“Maybe we’ll try to give him four or five things, the return game,” Fisher said. “Teach him four or five things on offense to get real good at. We’ll kind of judge that as we go right here. We’ve got to do that hopefully this week. I’m anxious to see if he’s full, full speed this week.”
The fact that FSU has the ability to redshirt as many as eight four- or five-star signees speaks volumes to the depth and talent across the roster. A quick glance at said roster even shows that the practice of sitting players for their first year is nothing new and can be a benefit to their overall development in the long run.
Starters Xavier Rhodes, EJ Manuel, Cameron Erving, Bryan Stork, Vince Williams and Everett Dawkins are all likely better players in the long run because of their year spent watching and learning from the sidelines.
“Some guys embrace it,” Manuel said Monday. “Not that they don’t want to play but they understand, hey it gives me an extra year to get bigger, stronger, faster and be more prepared for next year. I definitely had about five of those talks with the freshmen who are redshirting. They understand not only is it for the betterment of the team but it is for them. It’s going to benefit them. I am extremely excited I redshirted. This is my fifth year in the program and I feel a lot better with myself as a quarterback.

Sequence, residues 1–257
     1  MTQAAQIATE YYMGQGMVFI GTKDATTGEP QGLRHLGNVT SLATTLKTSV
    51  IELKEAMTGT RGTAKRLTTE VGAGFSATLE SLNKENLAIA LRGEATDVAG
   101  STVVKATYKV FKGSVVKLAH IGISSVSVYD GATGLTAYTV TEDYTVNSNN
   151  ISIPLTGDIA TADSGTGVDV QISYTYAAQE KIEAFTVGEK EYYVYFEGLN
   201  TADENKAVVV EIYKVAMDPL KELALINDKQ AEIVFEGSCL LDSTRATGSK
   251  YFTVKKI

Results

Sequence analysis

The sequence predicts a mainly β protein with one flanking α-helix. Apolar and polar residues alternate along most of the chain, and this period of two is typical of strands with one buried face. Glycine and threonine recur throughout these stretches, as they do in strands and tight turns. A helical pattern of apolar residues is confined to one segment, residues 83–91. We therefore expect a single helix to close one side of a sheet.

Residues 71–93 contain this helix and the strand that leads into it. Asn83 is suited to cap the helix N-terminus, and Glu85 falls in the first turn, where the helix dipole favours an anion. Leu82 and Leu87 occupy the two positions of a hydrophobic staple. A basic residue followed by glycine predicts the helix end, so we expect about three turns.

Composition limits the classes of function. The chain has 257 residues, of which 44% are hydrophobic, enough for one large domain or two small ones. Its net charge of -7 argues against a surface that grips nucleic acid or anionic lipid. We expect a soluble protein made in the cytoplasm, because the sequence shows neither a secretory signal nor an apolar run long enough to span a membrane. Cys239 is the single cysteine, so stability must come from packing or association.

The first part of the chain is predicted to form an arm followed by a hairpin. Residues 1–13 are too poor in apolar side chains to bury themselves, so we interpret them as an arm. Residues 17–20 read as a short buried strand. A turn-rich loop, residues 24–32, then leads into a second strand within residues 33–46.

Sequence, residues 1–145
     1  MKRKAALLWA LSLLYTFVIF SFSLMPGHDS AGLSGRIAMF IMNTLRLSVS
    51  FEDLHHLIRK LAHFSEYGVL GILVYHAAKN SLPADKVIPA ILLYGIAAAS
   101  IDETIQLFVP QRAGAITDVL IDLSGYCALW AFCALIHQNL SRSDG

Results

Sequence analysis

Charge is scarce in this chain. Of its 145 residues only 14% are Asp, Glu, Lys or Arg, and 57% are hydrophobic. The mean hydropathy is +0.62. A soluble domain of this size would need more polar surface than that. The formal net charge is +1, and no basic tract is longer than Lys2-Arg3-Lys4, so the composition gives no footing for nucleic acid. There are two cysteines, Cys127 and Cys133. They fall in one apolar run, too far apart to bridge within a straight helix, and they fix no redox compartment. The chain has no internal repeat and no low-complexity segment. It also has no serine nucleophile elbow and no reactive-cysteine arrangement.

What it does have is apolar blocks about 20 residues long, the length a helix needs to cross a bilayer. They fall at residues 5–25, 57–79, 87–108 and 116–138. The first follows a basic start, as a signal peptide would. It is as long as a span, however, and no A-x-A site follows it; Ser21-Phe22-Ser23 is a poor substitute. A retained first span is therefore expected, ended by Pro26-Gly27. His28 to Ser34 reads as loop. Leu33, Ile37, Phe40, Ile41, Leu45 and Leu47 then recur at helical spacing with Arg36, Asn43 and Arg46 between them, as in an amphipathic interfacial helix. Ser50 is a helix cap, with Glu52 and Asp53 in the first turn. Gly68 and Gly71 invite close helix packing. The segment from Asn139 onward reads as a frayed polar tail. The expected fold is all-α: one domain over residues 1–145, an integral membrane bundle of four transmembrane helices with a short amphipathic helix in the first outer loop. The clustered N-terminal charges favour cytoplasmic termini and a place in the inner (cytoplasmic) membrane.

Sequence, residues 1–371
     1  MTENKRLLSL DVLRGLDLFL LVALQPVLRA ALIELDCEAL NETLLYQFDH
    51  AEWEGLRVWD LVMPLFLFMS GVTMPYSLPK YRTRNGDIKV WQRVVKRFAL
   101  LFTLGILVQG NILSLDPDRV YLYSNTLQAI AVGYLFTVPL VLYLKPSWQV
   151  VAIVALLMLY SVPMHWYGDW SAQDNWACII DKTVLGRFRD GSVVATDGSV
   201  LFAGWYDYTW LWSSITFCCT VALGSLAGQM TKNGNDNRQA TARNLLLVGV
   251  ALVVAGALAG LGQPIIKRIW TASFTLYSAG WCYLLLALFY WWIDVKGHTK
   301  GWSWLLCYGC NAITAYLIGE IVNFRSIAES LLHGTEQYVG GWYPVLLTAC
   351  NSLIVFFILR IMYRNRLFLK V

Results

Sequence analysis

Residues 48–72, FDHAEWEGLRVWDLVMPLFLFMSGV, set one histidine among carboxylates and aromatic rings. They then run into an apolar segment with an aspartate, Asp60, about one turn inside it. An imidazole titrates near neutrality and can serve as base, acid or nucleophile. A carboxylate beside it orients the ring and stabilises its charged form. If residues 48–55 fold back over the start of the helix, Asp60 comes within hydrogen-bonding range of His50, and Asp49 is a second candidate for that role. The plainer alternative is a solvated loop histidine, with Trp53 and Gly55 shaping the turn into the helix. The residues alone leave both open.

“It takes a certain amount of time for certain guys. Some guys have the fortunate to be able to play their freshman year but if you don’t it’s not a bad thing on you.”
PRYOR NAMED OFFENSIVE PLAYER OF THE GAME
While Werner was the defensive player of the game, starting fullback Lonnie Pryor took home those team honors on the offensive side the ball.
Pryor ran for a career-best three touchdowns in the win over Murray State, including an 18-yard scoring scamper around the left side that showed speed and athleticism typically uncommon for a fullback. He also helped block for a run game that racked up 285 yards.
“That Lonnie, if you go watch him boy he he’s a Paul Bunyan too,” Fisher said. “He’s chopping down and blocking. Now he’s lighter. He’s catching the ball, he’s running. It’s like having another tailback in the backfield as a fullback. Just doing a great job.”
FISHER NOT PLEASED WITH NEW HELMET RULE
One of the several new rules for college football this season has to do with players’ helmets. Among other aspects of the new rule, if a player’s helmet comes completely off their head during a play that isn’t the result of a personal foul, said player must sit out a play.
This happened a few times in FSU’s opening game, including to Racers quarterback Casey Brockmon, who had to go to the sidelines for one play.
Further adding to the potential controversy of the new rule is what happens if the game clock is under one minute. If it is the ball carrier’s helmet that falls off in the final 60 seconds and it is the only reason the play is blown dead, there will be a 10-second run-off. If the team has a timeout remaining, the coach could elect to call time instead.
Fisher said Monday he could see a possible doomsday scenario for a team in the final moments of a game this season if a quarterback or key player has to go to the sidelines. If the helmet is lost with 10 second or less on the clock, it could be even worse.
“The game’s over,” Fisher said emphatically. “On a guy that gets legally hit and gets his helmet knocked off. Game is over if you’re under 10 seconds. If it’s 11 seconds and goes down to one second how are you going to snap the ball? It will happen to somebody this year. I think they went way overboard with that rule.”